"When commercial production begins, I envision downstream users of lithium carbonate being recruited to our state and locating in our area," Luther continued. "Standard Lithium is going all around the world communicating what they're doing, and Silicon Valley is very much aware of this project and its location in Arkansas."

For years after oil was discovered in the Smackover Formation a century ago, brine was a bothersome byproduct. Then chemists discovered bromine in the brine, and the industry now employs close to 1,000 Arkansans. For decades, the state produced all bromine in the U.S., an industry now worth some $800 million a year. Bromine is "the leading mineral commodity, in terms of value, produced in Arkansas," the Arkansas Geological Survey said.

"Arkansas has cheap electricity," Mintak said in an interview last year, "much cheaper than in alternative sites like Chile or the high Andes of Argentina. There are also minimal permitting risks in Arkansas, which we see as a great state for doing business, and the only place that we could make this project work."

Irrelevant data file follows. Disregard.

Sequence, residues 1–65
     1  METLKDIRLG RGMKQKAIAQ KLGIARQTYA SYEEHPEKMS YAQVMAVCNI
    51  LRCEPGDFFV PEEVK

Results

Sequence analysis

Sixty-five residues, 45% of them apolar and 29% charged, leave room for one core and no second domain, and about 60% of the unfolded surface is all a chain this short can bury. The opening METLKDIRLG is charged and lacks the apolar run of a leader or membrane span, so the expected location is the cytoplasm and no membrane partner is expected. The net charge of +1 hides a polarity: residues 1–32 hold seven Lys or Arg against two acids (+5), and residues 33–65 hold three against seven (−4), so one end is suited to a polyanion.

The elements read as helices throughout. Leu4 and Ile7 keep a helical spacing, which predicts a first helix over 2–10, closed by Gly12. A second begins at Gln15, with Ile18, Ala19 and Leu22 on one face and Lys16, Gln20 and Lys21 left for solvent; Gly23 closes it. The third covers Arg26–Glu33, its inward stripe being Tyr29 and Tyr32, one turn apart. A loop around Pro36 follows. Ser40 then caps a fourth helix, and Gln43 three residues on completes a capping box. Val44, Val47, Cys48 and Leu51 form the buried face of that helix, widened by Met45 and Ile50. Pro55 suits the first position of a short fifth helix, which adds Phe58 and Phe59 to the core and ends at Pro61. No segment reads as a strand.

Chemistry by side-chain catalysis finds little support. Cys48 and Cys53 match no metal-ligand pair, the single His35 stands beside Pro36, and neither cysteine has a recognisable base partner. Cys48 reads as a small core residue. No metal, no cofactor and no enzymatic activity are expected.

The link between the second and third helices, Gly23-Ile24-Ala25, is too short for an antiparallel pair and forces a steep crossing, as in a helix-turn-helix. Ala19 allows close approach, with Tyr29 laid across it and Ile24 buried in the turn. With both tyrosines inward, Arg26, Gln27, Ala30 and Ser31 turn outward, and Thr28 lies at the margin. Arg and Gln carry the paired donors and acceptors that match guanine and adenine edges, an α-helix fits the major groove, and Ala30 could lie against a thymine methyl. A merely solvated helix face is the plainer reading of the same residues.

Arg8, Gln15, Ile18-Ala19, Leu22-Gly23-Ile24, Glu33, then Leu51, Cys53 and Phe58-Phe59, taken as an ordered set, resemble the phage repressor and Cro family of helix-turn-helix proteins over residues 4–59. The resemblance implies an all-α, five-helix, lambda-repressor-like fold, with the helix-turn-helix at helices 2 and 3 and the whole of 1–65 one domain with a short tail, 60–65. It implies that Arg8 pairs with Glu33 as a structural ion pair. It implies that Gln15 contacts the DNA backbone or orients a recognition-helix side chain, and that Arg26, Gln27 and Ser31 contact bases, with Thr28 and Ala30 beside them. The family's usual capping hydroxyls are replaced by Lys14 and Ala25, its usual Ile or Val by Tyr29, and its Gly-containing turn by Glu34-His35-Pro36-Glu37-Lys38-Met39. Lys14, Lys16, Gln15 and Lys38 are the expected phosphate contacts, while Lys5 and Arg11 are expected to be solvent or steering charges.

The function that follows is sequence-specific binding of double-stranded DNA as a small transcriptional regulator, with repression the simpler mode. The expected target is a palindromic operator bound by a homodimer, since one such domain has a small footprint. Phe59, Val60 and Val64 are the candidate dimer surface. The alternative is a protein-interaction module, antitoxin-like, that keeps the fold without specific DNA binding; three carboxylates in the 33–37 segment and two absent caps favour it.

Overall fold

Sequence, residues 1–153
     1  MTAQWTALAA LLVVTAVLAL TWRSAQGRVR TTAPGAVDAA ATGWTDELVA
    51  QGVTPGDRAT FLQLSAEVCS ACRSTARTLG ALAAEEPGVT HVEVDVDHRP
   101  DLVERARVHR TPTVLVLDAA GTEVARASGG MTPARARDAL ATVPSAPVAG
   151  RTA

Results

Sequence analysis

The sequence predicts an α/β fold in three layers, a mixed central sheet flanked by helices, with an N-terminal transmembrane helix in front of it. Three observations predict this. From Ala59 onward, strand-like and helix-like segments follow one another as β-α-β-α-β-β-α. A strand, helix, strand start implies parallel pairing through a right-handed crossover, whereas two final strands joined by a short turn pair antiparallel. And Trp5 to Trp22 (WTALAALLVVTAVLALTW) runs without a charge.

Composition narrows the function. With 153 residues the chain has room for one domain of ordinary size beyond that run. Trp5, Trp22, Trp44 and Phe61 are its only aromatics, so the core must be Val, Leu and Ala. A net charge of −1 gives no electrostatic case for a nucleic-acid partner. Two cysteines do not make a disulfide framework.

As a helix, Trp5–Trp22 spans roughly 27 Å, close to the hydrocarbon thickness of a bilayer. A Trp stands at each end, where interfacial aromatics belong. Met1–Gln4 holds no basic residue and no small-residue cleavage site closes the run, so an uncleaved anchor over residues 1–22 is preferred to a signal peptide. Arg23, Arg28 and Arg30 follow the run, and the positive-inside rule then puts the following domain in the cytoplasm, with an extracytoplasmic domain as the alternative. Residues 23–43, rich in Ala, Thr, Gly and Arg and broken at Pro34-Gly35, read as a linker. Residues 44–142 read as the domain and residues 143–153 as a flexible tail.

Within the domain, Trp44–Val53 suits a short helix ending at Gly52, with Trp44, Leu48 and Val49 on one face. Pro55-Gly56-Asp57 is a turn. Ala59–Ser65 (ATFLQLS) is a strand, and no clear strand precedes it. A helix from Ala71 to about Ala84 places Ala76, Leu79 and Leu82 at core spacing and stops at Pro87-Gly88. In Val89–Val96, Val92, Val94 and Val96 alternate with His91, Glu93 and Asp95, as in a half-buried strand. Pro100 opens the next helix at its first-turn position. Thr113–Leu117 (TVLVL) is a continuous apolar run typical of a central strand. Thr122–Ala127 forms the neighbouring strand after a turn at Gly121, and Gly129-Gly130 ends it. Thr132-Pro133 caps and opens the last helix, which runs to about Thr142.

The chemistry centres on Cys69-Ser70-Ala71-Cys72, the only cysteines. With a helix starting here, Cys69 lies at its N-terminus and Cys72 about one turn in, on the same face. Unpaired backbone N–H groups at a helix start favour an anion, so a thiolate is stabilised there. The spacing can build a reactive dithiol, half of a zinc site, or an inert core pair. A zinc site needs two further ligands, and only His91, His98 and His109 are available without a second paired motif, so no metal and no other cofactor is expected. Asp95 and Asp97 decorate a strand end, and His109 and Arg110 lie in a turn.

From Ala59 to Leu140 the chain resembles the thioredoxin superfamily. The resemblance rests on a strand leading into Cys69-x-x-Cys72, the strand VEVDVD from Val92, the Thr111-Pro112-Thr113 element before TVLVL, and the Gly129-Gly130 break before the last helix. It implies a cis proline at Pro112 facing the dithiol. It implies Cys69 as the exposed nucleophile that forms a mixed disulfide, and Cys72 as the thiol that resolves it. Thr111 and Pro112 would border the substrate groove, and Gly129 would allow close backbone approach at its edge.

In last week's conversation, Mintak said Standard Lithium is striking while lithium is hot. "This wasn't a decade from start to groundbreaking," he said. "We've done all of this in under two years."

McKinsey & Co., a New York consultancy, expects more carmakers to put lithium-ion batteries in electric vehicles, a prospect that could increase the lithium market fivefold by 2030. Projects like the El Dorado plant will be needed to meet that demand, the report said.

"The critical minerals deficit in the United States is being addressed by legislation proposed now," Mintak said, predicting long-term strength in lithium demand. "This is likely the most environmentally friendly lithium production plant you could have, in essence bolting on to existing infrastructure. It's a good fit for the renewable space, and for Lanxess it's another value added to an existing industry."